Many outstanding happiness and success works are cited here. It’s important to experience them yourself by reading from the original sources. The tests contained in some of them are valuable and an essential element in knowing how to move forward more effectively. Also, my summarizations may not be as relevant as something else you would see that would speak more directly to you. I hope that they will serve as an encouragement to do that.
I’m not a psychologist, career counselor or a management theorist, but I appreciate the identified and proven benefits to be found through the research of others. It is my intention to pass the essence of some of this on to you. You will read the very valuable things they have say. The best way to think of these resources is that they are intended to be a “bridge builder”, leading you to further detailed and customized study that will tell you more about yourself, and lead to other educational experiences, and also to professionals, who are highly trained and experienced to help you. Reference to these resources is only the first step. It is not an end in itself.
It’s important to your success to seek out a variety of opinions. By the time you finish, you will have had many, including mine. But that’s not enough. You need to consult with people who know you best and also with others who are familiar with areas you have an interest in. All the advice you’re going to get is not going to be good. You might also not agree with all of it either. Just take it all in and evaluate it as you go along. Just keep an open mind.
The benefit of these resources, and any further courses of action it leads you to, can only be determined by the actual steps you take to improve your life. Just reading about it, while highly worthwhile in creating the proper motivation and frame of mind to help you move forward, is no substitute for setting meaningful goals and accomplishing them.
How long should you keep at this? Keep these two thoughts in mind as you go through life:
"Plan To Live To Be One Hundred"
The famous motivational speaker, Dr. Robert Schuller, says that this is the proper time reference. (It makes no difference how long you actually live.) The idea is to always have personally relevant goals or a project, for as long as you live. This will give your life meaning – and meaning helps produce happiness and a feeling of success. (A feature on “Sixty Minutes” indicated that the population segment over ninety years old is the fastest growing one in the country. It’s projected to quadruple in the coming decades. You might not make it to a hundred, but you might still get to be a nonagenarian!)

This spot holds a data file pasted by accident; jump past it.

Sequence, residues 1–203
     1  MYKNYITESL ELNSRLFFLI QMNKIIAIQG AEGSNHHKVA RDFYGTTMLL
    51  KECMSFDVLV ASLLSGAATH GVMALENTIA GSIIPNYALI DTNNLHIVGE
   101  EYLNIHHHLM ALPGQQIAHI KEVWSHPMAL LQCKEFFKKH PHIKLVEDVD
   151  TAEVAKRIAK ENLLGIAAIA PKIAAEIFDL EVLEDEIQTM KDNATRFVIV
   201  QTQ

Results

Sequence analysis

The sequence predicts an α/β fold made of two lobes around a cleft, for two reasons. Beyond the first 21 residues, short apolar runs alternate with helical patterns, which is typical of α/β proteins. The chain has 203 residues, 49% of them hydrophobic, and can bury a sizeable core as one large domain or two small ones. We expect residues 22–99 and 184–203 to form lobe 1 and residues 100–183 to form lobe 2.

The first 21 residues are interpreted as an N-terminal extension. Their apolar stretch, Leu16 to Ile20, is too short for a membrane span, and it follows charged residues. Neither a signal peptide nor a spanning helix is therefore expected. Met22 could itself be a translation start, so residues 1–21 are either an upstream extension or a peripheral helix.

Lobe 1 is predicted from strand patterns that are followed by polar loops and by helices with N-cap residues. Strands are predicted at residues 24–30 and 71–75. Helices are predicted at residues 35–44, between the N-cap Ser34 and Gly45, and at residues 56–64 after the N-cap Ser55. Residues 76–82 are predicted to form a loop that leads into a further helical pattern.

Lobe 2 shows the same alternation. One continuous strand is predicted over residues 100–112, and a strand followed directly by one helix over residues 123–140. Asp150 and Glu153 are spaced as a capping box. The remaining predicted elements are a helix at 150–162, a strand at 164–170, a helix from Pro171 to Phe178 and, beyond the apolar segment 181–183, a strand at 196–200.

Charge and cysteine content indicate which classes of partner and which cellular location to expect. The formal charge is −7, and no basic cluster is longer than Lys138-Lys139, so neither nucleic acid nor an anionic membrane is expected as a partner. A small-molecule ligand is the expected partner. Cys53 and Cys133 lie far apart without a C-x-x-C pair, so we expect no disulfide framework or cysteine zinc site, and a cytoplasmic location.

"You're Never Don"e
“How will you know when your work is done?” The answer: “If you’re still breathing, you’re not done yet.” So always have goals, and keep at them, even if at age ninety, it’s simply to speak with two friends a week, listen to the evening news, take care of your pet, tend to your herb garden, fill the bird feeders every other day, and watch the 57th season of “House of Cards”! Always keep Renoir’s last words in mind: “I am still progressing.”
The famed British polar explorer Sir Ernest Shackleton is buried on South Georgia Island in the South Atlantic, a region where, in his failure to reach the South Pole in the early 1900's, he arguably established the gold standard standard for leadership, engendering loyalty, and team building. If you ever feel that you’ve have taken about as much as you can take, or that you have failed at something and don’t feel good about it,read "Shackleton’s Boat Journey" by Frank Worsley. It will hold you spellbound, and in wonder, about how much human beings can face and still come out on top, no matter how long the odds are.
And what about the “you’re never done” part?” Let it be said of you, as it was of Shackleton:
“Never the lowered banner, never the last endeavor. Keep fighting until the end." There is much in you to give and a great example you can set for others...